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The Nets stomped another losing team on Tuesday night, beating the Raptors 113-106 to move to 15-0 against losing teams this season.
It was the kind of performance that a good team gets to call doing what they need to do to win. The Nets scuffled around a bit on offense, played horrendous defense and ultimately won the game because they are simply a much more talented team than the Raptors. That's been the formula the Nets have used for most of the nine wins they've picked up in P.J. Carlesimo's first 10 games.
The Nets got the kind of production from their big three that they were expecting when they doled out millions of dollars for their rights this summer. Brook Lopez, Deron Williams and Joe Johnson combined for 64 points and made all 19 of the free throws they attempted to simply overwhelm the underpowered Raptors.
When planning out their season, the Nets likely saw plenty of games playing out just that way and, after a delay the hopeful can chalk up to the team gelling, they surely hope to see plenty more in the coming months. Assuming, of course, that all the players remain on the team.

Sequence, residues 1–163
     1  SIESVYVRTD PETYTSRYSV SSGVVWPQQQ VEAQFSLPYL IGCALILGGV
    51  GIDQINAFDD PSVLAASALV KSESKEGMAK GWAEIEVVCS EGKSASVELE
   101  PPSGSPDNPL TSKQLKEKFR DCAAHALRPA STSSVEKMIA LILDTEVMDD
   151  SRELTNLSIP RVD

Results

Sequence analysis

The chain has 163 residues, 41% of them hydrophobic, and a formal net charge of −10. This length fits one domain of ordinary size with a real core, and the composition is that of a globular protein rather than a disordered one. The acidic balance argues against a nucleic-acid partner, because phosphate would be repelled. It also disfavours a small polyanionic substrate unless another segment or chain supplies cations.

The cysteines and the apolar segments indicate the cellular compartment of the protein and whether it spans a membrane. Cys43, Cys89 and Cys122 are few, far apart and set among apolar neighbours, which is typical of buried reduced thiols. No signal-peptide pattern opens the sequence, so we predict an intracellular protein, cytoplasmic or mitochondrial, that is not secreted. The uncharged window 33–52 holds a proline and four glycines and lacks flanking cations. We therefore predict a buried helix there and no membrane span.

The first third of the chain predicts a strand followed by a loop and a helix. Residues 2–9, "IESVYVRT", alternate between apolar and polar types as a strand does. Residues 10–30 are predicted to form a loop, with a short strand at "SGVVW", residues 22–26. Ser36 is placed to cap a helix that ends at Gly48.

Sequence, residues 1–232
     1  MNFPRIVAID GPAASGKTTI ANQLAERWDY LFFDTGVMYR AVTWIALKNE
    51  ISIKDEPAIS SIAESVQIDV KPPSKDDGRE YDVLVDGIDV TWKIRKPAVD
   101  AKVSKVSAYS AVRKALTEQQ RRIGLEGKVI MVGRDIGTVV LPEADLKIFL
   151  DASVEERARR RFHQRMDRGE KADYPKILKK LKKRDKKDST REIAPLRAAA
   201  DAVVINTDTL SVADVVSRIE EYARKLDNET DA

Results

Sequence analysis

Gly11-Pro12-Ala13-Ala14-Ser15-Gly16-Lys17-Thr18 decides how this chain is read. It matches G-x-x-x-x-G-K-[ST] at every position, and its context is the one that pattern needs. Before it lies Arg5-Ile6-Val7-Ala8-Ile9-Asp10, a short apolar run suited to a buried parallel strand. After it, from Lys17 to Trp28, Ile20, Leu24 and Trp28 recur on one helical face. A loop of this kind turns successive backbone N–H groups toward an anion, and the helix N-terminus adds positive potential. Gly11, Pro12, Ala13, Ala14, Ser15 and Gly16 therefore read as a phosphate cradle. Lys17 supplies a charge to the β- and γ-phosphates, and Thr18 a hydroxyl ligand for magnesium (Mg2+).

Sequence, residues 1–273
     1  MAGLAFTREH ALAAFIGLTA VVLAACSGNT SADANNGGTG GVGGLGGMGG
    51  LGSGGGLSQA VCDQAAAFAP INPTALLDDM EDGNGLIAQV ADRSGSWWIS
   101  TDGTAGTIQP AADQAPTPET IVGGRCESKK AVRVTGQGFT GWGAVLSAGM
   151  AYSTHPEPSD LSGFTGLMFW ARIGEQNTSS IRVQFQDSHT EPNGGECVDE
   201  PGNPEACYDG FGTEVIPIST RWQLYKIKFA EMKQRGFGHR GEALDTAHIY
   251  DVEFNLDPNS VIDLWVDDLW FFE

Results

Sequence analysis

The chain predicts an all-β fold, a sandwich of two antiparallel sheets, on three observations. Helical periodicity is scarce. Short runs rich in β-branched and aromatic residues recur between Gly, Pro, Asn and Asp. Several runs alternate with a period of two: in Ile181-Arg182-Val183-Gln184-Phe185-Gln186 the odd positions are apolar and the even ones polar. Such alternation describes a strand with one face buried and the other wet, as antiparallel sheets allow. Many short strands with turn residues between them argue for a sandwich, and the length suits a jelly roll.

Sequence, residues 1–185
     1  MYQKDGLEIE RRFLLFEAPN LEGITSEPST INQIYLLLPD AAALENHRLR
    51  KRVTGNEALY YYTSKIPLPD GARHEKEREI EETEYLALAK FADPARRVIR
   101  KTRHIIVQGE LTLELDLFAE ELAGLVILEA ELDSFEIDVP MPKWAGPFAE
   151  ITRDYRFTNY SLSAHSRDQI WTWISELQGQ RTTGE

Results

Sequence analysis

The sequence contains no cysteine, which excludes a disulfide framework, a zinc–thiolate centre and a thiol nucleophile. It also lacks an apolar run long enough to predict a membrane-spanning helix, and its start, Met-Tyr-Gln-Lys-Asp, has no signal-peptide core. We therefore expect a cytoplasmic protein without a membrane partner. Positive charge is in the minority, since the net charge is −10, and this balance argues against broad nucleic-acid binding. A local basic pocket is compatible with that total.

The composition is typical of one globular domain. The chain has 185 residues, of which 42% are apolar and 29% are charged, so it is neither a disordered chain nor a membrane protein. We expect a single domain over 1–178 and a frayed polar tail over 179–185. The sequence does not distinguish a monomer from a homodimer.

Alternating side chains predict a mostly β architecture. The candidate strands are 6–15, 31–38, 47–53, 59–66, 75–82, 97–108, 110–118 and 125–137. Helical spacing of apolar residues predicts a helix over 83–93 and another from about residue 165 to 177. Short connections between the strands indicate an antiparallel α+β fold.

Tuesday's win came against the backdrop of Lopez becoming trade eligible after signing a new deal with the Nets during the offseason. It might seem unusual to talk about making a trade involving a strong starter for a 23-15 team, but the Nets have made it clear already this season that they aren't going to be patient when it comes to a winner.
Dwight Howard's stay with the Lakers has not gone well and there's a good chance they'll be shopping him before the trade deadline if the losing and dissension continue unabated. And that's going to mean the Nets are drawn into the discussion because Howard might be their last, best chance to get a first-tier superstar.
You could make a strong argument that they don't need one, especially one with a personality as phony as Howard's when you've already got a successful thing going with Lopez, but it's unlikely Mikhail Prokhorov's grandiose dreams for the team went away because of a 9-1 record against mostly bad teams. If the man wants a title and wants to be a glitzy team, he's going to at least inquire on players like Howard.
We've talked about the coming stretch of games against good teams that the Nets face, but the trade angle makes the games even more significant. If the Nets go out and prove that firing Avery Johnson had less to do with a change of fortunes than the schedule, Prokhorov is going to have to do something else to convince people that he hasn't just been selling snake oil.
That's why the Howard trade whispers won't go away until the Nets prove that there's absolutely no reason to think they'd upset the apple cart. Winning against teams better than the Raptors more than one out of every three times you play them is the only real way to do that.
Brooklyn's next six games (and eight of their next nine) come against teams just like that so they can't ask for a better way to prove that the best move the team can make is no move at all.